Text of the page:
One of the mechanisms of NR1D1-mediated repression is indeed recruitment of the NCOR/HDAC3 co-repressor complex. An earlier report suggested that NR1D1 represses distinct programmes of genes (most notably core clock-related versus metabolic genes) through different mechanisms (Zhang et al., 2015). Specifically, this report suggested that NR1D1 repression of clock genes involved direct binding to DNA, whereas repression of metabolic genes was accomplished by tethering to lineage-determining factors (e.g. HNF6 in liver). This theory stemmed from experiments performed in the Nr1d1DBDm mouse, a conditional transgenic model expressing a DNA-binding domain mutant form of NR1D1. We have shown that the Nr1d1DBDm mouse is a phenocopy of the Nr1d1-/- mouse (Hunter et al., 2020); ie. it is not spared the metabolic abnormalities observed in the global knockout model. Furthermore, in HaloNR1D1 ChIP-seq in liver, there is no enrichment of lineage-determining factor motifs above and beyond what would be expected at any sites of open chromatin (Hunter et al., 2020). As we now also observe in our adipose HaloNR1D1 ChIP-seq (employing dual-crosslinking to maximise capture of any tethered interactions), the RORE and RevDR2 motifs are by far the dominant transcription factor binding motifs underlying NR1D1 DNA binding. Therefore, NR1D1 repression requires DNA-binding, and as such, may be mediated through competition with RORs, not only through NCOR/HDAC3 recruitment.

Existing evidence suggests that NCOR and HDAC3 activity extends far beyond NR1D1 action (Feng et al., 2011; Ferrari et al., 2017; Li et al., 2011), with these factors having wide-ranging repressive activity, including of critical metabolic regulators such as PPARγ. In further support is our report that, in liver, we find substantial overlap between NR1D1, HDAC3, and NCOR cistromes, but also large numbers of sites bound by only one of these factors (Hunter et al., 2020). We have been interested to examine HDAC3 activity in adipose, but HDAC3 does not directly bind the genome, thus HDAC3 ChIP has proven challenging (we attempted this in response to reviewer/editor feedback, but without success). We can use removal of the H3K27ac mark as a proxy measure of HDAC3 activity however (Nguyen et al., 2020). Here, we do see removal of the H3K27ac mark at NR1D1 binding sites (adipocyte H3K27ac ChIP-seq data taken from Roh et al., 2020) under both NC and HFD-feeding conditions (Author response image 3), at both established NR1D1 targets, and at NR1D1 targets unmasked by obesity. This suggests that altered interaction between NR1D1 and HDAC3/NCOR is not the driving factor in increased NR1D1 repression in obese mice, although we cannot exclude this possibility with current data. Given that NR1D1 does not mediate gene repression exclusively through HDAC3, and that HDAC3 does not interact exclusively with NR1D1, we believe that pursuing extensive, technically difficult studies of HDAC3-NR1D1 interaction state under different chronic feeding conditions is beyond the scope of the current manuscript.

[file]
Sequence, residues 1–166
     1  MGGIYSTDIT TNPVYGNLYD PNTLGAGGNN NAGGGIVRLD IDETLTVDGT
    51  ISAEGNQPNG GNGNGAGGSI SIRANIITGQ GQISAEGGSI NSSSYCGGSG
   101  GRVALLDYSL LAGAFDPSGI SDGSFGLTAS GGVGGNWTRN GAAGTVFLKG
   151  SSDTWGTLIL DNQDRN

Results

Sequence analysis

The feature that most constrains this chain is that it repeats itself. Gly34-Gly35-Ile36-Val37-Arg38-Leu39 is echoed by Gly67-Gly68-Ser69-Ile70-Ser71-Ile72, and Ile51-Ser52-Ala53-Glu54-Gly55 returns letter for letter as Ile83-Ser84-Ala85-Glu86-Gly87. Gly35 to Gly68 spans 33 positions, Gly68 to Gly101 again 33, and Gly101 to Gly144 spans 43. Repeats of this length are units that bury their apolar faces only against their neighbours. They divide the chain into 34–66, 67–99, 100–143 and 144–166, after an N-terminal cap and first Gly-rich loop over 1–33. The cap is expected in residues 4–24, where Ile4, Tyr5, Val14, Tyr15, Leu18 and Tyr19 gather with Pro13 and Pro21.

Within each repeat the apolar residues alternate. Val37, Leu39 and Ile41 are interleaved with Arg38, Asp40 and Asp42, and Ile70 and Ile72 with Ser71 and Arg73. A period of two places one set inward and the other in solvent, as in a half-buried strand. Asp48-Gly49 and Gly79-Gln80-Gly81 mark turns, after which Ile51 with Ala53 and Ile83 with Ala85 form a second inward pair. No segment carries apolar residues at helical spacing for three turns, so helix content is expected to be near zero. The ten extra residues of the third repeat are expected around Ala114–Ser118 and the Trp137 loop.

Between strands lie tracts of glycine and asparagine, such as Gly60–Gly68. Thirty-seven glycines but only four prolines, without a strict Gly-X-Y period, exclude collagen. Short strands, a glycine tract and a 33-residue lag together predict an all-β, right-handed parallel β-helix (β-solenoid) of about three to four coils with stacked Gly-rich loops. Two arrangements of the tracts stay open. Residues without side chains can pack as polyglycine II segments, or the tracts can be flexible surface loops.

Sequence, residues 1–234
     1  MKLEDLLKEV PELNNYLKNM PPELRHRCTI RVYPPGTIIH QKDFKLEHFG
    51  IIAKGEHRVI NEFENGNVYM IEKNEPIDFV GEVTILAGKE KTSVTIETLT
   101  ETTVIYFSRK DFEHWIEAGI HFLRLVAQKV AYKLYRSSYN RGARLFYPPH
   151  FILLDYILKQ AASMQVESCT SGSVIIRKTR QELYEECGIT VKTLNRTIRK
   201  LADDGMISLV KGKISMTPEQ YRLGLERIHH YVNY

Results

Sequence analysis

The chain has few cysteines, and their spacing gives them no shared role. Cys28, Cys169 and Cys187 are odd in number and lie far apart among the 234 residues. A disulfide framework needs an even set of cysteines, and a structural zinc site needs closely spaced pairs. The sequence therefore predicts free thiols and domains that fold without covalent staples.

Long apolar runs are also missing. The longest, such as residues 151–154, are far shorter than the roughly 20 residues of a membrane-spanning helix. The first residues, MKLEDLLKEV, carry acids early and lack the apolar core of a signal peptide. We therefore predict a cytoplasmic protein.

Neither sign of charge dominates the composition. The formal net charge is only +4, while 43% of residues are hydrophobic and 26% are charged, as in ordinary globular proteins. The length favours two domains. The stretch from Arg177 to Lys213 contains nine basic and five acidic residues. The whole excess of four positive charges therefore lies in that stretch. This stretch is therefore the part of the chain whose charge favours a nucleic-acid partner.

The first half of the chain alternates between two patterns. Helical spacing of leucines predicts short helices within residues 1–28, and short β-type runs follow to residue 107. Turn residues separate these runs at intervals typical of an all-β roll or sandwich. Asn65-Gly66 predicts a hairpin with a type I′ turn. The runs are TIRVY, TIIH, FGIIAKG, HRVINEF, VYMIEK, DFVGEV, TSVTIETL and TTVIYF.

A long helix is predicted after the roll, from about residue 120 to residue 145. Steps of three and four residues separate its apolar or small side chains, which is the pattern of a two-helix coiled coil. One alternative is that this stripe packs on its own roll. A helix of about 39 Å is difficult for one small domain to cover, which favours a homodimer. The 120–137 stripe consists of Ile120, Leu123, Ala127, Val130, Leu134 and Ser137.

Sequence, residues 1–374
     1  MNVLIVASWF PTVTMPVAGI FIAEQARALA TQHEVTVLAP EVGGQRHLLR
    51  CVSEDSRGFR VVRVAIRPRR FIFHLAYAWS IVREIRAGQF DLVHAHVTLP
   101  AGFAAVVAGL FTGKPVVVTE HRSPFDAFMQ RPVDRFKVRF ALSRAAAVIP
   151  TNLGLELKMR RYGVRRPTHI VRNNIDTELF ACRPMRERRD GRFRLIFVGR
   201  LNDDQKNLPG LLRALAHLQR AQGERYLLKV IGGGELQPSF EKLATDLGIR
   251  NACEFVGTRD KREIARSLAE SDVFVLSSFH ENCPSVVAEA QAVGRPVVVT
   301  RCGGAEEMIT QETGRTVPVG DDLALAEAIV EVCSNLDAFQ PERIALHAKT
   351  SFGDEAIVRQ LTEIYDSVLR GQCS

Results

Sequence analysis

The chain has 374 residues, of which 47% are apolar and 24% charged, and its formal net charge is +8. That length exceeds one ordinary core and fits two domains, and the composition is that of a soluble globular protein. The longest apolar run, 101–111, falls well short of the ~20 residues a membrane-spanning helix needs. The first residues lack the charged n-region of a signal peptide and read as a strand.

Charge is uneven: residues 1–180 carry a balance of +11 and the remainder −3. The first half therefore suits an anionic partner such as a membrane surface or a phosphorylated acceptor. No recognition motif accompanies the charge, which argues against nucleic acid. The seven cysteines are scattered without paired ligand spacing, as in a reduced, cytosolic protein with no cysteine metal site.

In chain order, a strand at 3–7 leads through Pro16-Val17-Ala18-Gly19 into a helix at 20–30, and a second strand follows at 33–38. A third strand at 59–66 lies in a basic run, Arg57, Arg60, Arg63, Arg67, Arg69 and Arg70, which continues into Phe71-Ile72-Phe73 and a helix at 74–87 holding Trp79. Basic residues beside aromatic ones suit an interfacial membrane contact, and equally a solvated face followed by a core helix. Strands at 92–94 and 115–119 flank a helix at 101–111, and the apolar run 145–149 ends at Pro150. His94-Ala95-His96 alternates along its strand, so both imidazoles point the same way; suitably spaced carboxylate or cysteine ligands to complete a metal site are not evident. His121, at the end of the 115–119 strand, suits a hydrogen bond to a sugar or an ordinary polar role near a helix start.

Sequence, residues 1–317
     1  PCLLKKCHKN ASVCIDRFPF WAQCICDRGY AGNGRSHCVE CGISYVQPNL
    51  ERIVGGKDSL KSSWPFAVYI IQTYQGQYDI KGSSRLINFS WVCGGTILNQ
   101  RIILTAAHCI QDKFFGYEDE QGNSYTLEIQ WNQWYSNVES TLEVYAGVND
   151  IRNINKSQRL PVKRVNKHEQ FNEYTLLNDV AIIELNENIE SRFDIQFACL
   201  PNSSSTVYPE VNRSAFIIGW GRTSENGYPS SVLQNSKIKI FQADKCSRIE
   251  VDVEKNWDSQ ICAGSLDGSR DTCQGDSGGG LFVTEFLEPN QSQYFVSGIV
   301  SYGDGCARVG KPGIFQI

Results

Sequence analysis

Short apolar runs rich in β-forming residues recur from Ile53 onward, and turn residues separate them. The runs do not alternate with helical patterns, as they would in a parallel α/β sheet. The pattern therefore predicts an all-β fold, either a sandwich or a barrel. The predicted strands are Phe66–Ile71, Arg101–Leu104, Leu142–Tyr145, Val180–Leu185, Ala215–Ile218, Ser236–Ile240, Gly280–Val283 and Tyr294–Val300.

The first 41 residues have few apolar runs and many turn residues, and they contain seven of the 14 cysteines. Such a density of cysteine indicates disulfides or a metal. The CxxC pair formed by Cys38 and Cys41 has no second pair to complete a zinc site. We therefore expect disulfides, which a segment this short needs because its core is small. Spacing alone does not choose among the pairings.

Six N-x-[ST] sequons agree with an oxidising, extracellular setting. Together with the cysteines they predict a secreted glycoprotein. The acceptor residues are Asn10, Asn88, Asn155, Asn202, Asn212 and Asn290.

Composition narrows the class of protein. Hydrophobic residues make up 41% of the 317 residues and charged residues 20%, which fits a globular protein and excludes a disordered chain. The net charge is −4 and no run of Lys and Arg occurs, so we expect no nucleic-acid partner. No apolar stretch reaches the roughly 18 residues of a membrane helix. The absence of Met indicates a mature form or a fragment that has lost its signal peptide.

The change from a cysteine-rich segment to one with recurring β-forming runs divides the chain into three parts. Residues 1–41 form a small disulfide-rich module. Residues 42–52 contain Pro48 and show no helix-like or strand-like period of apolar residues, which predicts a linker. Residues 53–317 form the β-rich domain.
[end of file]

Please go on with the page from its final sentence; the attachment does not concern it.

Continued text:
Author response image 3
Adipocyte H3K27ac ChIP-seq signal, collected in NC (top row) and HFD (middle row) conditions, aligned with adipose HaloNR1D1 ChIP-seq signal (bottom row).

3) One major issue with this study is the lack of cellular specificity. The authors generate mice with an adipocyte-specific knockout of REVERBa, but then do RNA-seq of the entire gonadal fat pad. Since only about 50% of the cells in the tissue are adipocytes, there is thus no way to know whether the gene expression changes seen are due to direct loss of REVERBa in adipocytes or secondary effects on other cell types within adipose tissue. The authors could partly address this concern by either (a) fractionating adipose tissue into mature adipocytes and stromal vascular fraction to verify which cell types are demonstrating the expression changes or (b) isolating SVF from control and adipocyte-specific knockout animals and differentiating them in vitro to determine cell intrinsic effects of REVERBa deletion.